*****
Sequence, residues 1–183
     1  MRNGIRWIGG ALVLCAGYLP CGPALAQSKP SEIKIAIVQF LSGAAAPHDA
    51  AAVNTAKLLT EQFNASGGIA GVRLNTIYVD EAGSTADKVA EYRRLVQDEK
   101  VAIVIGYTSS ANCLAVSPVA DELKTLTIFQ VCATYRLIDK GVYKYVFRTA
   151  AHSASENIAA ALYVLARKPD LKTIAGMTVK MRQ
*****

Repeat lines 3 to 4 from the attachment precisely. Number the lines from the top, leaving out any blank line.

    51  AAVNTAKLLT EQFNASGGIA GVRLNTIYVD EAGSTADKVA EYRRLVQDEK
   101  VAIVIGYTSS ANCLAVSPVA DELKTLTIFQ VCATYRLIDK GVYKYVFRTA